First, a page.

After all, IS’s very inspiration, its quest for the establishment of an all-mighty Islamic State over the nations of the world stems back from Wahhabi Islam’s core ideology. Both share the same hatred for Shia Islam, Iran and all faith denominations that do not fall within the realm of Sunni Islam.

Viewed from a distance, IS and Wahhabis have more in common than Saudi Arabia cares to admit. The extremists of all extremists, IS militants, have merely pushed the envelope further than Saudi Arabia ever dared, or wanted to for that matter.

But if Saudi Arabia was willing to tolerate radicalism in the Middle East in order to rid itself of a few enemies and assert its hegemony over the region by creating a buffer to Iran’s political and ideological traction, it did not intend for IS to become the monster we all have learned to fear.

Having woken up to the threat IS poses not only to the immediate MENA region – Middle East and North Africa – but to the world, Saudi Arabia has been actively denouncing Islamic radicals as apostate of Islam, calling for all powers to unite and commit to their destruction.

Mortal threat

Earlier this month (September), Crown Prince Salman, deputy premier and minister of defence, travelled to France to meet with President Francois Hollande in a bid to devise a common strategy against what Saudi Arabia now describes as a mortal threat to the world.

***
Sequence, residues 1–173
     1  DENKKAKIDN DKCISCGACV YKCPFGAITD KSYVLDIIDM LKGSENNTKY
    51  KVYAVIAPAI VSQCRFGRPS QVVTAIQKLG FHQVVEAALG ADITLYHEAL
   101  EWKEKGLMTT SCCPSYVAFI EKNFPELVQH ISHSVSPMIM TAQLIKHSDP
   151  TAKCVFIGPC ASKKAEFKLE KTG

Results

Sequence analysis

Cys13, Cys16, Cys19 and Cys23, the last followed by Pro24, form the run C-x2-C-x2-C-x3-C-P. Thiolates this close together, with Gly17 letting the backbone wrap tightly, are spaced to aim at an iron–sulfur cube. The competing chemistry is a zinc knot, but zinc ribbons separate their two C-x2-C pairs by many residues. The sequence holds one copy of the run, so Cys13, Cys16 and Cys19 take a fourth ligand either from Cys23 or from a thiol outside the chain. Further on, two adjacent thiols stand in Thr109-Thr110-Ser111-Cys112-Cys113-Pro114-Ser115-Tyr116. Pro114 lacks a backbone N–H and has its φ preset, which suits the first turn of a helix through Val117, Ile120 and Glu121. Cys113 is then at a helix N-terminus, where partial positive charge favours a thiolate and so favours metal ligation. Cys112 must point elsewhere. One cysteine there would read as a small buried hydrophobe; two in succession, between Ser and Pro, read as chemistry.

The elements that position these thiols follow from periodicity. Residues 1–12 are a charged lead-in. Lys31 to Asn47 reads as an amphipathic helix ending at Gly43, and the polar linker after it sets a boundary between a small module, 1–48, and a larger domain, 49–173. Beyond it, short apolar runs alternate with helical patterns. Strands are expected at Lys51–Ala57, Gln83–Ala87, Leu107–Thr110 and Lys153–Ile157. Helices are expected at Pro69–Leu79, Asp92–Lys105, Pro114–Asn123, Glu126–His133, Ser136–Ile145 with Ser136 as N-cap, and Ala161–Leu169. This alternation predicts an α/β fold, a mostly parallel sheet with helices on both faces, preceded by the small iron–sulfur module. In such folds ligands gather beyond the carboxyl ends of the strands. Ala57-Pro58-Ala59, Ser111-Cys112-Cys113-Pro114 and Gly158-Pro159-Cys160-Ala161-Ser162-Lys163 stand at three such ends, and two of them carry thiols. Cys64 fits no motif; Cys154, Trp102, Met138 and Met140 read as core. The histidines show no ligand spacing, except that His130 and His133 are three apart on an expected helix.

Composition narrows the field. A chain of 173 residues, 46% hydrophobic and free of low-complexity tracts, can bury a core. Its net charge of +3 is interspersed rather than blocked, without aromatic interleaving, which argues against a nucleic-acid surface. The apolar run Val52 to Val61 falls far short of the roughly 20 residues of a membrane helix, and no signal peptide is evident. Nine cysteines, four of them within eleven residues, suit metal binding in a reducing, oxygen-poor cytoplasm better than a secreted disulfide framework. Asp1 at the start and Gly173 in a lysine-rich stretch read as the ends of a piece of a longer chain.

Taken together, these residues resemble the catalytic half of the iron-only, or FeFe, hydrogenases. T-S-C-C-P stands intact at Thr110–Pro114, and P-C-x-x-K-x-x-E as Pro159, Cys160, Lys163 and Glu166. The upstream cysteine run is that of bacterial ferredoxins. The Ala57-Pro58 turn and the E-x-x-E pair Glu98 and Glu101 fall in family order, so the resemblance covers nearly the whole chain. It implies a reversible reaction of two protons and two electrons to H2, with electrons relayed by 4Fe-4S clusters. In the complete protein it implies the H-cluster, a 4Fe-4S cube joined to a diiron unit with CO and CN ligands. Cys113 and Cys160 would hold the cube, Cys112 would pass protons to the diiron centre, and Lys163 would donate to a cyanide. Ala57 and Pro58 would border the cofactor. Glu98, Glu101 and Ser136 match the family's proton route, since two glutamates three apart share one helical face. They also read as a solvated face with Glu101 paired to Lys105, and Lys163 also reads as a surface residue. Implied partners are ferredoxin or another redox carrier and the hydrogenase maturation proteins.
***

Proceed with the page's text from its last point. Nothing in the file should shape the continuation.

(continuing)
“Saudi Arabia realised the danger posed by terrorism to the international community from early on,” said Prince Salman in an address to French officials.

A few days later, the Arab League issued a statement in which members expressed their common rejection of Islamic radicalism. Nabil Al Araby, the secretary general of the Arab League told the press, “We have endorsed international action against the radical Islamic State and vowed to take all necessary measures to confront the corrupt, immoral militants who now control large parts of northern Iraq and Syria.”

Under Saudi Arabia’s counter-terror impetus, other Gulf monarchies have too set in motion their anti-IS war machines, as if suddenly made aware of the presence of nefarious forces in their backyard.

On the same day the Arab League announced its commitment to fighting terror, the Emirati Foreign Affairs Ministry expressed its “deepest concerns and strongest condemnation of terror acts and criminal practices of violent extremists”.

Just as Saudi Arabia disavowed the Muslim Brotherhood in the wake of now-deposed Egyptian President Mohammed Morsi’s political victory on account the group had become radicalised, the kingdom has now declared war on radical Islamists across the region. From Libya to Riyadh, al Saud has offered its support and chequebook to those in opposition of Islamists.

While Saudi Arabia plays catch up with the very elements its religious school of thought gave birth to, trying to control the plague it realises it helped unleash on to the world, many wonder if it is not the son rather who will strike down his father, so mighty his reach has become.

-Catherine Shakdam is a political analyst/commentator for the Middle East.

The views expressed in this article belong to the author and do not necessarily reflect the editorial policy of Middle East Eye.

Photo: Saudi King Abdullah bin Abdulaziz Al-Saud (R) and US Secretary of State John Kerry in Jeddah (AFP).